First Financial Management Corp. has filed a $150 million lawsuit on behalf of its bank data processing subsidiary against International Business Machines Corp., citing breach of contract.
The suit contends that IBM has failed to supply the manpower necessary meet its contractual obligations for installing software and training personnel at the data processing clients of the First Financial unit, Basis Information Technologies Inc.
Basis, based in Atlanta, supplies computer services to about 800 small and midsize financial institutions.
While announcing the suit, First Financial Management executives said Basis might be put up for sale.
They declined to be specific about what would trigger such action.
Patrick H. Thomas, First Financial's chairman and chief executive, mentioned the sale possibility in remarks printed in his company's third-quarter earnings report.
"We are evaluating the strategic significance of the business of our wholly owned subsidiary Basis Information Technologies," Mr. Thomas said.
In light of the IBM dispute, he said, "the company is considering various alternatives, including the possible sale of Basis."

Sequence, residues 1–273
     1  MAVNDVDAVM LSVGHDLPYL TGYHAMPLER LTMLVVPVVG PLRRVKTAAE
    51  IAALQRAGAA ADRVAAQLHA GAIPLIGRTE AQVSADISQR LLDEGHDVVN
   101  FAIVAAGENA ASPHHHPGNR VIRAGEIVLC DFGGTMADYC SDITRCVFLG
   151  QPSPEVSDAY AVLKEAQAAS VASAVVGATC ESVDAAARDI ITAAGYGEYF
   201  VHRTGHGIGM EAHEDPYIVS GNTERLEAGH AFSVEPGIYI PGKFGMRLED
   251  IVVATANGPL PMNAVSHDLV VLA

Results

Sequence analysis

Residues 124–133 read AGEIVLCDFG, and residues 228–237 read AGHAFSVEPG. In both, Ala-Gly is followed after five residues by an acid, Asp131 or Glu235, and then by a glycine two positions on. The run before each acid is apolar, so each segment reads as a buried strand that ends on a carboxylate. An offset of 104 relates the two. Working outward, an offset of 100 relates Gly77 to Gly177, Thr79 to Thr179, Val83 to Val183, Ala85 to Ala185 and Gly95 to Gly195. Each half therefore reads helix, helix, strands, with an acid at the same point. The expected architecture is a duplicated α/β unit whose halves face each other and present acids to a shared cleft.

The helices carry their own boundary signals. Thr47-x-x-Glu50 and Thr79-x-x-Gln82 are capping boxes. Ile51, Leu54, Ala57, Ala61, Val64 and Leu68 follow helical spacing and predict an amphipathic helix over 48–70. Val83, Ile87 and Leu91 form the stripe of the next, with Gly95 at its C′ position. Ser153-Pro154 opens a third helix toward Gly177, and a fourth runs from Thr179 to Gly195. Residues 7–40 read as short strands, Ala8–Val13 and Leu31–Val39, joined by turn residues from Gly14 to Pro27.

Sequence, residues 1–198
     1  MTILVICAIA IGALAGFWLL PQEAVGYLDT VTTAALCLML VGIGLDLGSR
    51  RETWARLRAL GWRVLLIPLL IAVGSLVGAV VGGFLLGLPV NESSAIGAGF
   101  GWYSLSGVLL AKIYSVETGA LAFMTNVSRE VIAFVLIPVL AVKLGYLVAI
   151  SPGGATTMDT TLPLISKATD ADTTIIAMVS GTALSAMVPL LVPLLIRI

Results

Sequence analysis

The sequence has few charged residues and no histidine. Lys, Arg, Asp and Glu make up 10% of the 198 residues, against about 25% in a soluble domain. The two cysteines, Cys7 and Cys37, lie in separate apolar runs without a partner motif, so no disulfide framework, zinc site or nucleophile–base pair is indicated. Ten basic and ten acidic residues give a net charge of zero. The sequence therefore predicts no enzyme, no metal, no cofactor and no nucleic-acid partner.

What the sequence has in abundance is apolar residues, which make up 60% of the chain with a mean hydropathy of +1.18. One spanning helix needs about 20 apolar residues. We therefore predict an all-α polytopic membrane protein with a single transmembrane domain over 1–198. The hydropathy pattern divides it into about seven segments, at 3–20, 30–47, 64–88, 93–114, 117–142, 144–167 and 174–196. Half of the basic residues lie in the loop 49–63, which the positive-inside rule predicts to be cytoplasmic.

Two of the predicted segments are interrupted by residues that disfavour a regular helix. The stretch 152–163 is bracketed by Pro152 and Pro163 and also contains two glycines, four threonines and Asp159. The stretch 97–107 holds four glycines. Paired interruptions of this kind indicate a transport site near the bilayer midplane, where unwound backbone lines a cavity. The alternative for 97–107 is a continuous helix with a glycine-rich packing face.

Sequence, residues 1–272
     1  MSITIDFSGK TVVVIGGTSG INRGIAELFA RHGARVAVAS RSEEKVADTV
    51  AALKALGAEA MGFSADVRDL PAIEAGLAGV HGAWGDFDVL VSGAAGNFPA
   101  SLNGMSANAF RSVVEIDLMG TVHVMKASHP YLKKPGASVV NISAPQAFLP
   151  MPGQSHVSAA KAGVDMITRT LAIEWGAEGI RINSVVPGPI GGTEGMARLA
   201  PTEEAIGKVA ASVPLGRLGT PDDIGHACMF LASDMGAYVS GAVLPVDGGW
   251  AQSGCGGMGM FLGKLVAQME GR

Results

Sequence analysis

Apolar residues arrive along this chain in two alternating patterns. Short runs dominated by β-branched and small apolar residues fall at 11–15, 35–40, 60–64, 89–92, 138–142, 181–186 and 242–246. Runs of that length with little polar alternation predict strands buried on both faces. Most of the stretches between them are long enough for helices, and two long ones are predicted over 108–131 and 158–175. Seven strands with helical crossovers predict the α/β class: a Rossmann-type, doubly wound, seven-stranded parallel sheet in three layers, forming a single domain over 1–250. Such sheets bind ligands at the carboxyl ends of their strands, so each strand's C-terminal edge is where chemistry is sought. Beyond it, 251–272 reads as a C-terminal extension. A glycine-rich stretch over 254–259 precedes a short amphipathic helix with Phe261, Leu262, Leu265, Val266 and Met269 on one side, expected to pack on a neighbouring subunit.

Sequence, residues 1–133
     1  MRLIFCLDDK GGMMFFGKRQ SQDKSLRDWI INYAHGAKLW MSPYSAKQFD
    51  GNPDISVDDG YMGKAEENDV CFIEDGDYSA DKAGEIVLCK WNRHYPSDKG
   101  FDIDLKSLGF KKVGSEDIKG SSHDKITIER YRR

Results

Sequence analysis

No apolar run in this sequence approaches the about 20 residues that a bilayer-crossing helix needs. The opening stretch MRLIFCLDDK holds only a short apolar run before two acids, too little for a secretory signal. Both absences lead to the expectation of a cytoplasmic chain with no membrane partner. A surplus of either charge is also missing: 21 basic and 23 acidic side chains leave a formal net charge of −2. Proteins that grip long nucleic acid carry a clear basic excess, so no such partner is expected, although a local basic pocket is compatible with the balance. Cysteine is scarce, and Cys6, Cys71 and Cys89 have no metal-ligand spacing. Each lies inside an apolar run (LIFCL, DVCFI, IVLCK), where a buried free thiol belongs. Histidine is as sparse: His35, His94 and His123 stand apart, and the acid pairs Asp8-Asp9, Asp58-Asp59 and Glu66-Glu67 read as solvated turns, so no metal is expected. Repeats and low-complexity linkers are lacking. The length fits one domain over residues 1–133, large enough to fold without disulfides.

IBM officials confirmed that a lawsuit had been filed, but they declined to comment.
First Financial said it was interested in resolving the suit as soon as possible.
The case revolves around a Dec. 31, 1989, contract in which IBM committed itself to co-develop banking software that would run in Basis' computer service bureau.
The development project, which involved adapting software from Hogan Systems Inc., Dallas, for a small-bank environment, has been completed. Several institutions are using the finished product.
However, a number of other institutions are still waiting to be converted to the new software. First Financial executives said IBM has not supplied enough employees to keep up with the demand for systems integration and training at these institutions.
"We don't think the effort that we contracted for has been brought to this project," said Donald Y. Sharp, a First Financial vice president.
First Financial officials declined to discuss the business implications of this service backlog. But sources close to the company said the problems with IBM had resulted in some lost business for Basis.
Officials of First Financial said a decision on selling Basis would not be based solely on the outcome of the IBM suit. They also said, however, that present conditions make it hard to profitably operate their service bureau business.
First Financial has already moved to sell one subsidiary this year. Under a recent agreement, the company will sell First Family Financial Services for $243 million.
The parent company reported $31.7 million in net income for the third quarter. Its executives declined to estimate the market value of Basis.